Last edited by heirophant; 08-19-2017 at 09:14 AM.

  7. #7
    Kizmet is offline Moderator
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  9. #8
    decimon is offline Registered User
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    That's common with people who move from one state to another. Has anyone here ever unregistered?

    That said, some people have been found to vote in more than one state.

  10. #9
    Kizmet is offline Moderator
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    Quote Originally Posted by decimon View Post
    That's common with people who move from one state to another. Has anyone here ever unregistered?

    That said, some people have been found to vote in more than one state.
    Thank you for understanding and making my point. I believe that if anyone bothered to check they would find my name on the voting list in three states. Maybe it expires at some point, I don't know. It doesn't mean I'm committing voter fraud. There are several common sense reasons why voter rolls might be inaccurate. It doesn't mean there's some big conspiracy to take over the country. Jumping to that conclusion is paranoia.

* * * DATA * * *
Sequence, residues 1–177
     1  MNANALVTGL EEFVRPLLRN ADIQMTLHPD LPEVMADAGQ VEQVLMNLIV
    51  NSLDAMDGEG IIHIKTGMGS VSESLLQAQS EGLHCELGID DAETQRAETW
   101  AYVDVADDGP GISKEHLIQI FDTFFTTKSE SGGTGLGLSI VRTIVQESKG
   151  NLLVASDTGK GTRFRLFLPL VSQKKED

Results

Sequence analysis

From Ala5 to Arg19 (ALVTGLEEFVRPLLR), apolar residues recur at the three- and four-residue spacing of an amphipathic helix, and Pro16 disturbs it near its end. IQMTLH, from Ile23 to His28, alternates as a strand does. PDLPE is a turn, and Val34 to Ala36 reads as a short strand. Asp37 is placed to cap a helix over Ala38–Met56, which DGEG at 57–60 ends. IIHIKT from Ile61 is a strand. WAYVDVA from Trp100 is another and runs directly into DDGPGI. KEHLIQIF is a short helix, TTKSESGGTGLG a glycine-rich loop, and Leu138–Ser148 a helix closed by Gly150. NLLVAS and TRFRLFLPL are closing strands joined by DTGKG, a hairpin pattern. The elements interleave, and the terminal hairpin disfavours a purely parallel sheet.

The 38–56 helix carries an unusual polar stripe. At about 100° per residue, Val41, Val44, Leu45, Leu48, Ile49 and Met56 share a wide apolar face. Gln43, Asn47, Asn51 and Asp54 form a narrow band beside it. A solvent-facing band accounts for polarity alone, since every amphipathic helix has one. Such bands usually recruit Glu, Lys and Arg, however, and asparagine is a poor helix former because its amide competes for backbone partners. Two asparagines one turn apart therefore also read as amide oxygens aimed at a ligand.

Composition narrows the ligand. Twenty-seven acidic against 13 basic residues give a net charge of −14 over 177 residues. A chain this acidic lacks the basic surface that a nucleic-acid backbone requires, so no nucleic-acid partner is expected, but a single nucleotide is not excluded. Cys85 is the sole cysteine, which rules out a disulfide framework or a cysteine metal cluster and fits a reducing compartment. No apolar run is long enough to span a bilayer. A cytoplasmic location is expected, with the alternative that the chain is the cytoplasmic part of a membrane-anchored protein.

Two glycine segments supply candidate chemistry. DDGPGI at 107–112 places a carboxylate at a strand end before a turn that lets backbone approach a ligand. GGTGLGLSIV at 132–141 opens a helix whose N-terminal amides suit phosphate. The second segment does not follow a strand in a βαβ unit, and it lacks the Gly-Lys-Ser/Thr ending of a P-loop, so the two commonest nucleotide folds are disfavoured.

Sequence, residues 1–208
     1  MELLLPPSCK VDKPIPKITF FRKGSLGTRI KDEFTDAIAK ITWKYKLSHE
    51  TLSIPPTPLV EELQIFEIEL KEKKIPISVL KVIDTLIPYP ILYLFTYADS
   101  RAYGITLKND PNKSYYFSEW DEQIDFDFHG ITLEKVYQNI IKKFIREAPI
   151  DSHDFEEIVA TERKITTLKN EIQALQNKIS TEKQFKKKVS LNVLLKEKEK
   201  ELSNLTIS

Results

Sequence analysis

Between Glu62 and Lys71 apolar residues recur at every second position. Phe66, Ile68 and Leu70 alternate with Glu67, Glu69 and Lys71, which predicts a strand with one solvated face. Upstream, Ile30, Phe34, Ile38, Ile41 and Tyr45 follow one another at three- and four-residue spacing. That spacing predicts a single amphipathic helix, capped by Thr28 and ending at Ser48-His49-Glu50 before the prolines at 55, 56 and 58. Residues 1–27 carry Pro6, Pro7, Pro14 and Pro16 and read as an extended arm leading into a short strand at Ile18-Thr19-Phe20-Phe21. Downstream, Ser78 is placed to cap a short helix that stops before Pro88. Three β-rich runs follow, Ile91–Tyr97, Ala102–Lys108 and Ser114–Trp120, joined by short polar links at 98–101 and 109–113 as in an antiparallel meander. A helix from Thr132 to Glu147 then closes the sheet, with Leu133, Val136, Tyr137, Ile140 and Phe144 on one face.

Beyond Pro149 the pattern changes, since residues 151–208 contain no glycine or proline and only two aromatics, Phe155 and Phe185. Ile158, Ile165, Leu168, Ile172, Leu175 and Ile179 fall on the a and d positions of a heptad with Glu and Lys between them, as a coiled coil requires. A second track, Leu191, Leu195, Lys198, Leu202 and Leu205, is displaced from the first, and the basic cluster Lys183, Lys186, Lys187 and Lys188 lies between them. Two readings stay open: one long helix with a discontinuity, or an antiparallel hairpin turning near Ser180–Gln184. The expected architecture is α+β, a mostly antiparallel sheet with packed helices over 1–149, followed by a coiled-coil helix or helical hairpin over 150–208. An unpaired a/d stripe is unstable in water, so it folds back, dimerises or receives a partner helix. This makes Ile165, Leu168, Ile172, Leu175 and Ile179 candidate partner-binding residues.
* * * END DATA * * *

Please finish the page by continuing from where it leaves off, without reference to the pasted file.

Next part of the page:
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  11. #10
    decimon is offline Registered User
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    Quote Originally Posted by Kizmet View Post
    Thank you for understanding and making my point. I believe that if anyone bothered to check they would find my name on the voting list in three states. Maybe it expires at some point, I don't know. It doesn't mean I'm committing voter fraud. There are several common sense reasons why voter rolls might be inaccurate. It doesn't mean there's some big conspiracy to take over the country. Jumping to that conclusion is paranoia.

    I'm not paranoid, I'm a New Yorker. Of course there is voter fraud.

  12. #11
    Kizmet is offline Moderator
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    Quote Originally Posted by decimon View Post
    I'm not paranoid, I'm a New Yorker. Of course there is voter fraud.
    Of course it happens. I don't think anyone would say that there's never been a single incidence . . . like many other things, it's a matter of degree. Trump made that ridiculous statement after the election, offered no proof whatsoever, and it has been denied/discredited by anyone who might actually have access to relevant data.
    BTW - As I understand it, the people least likely to admit to some paranoid thinking are people who are truly paranoid.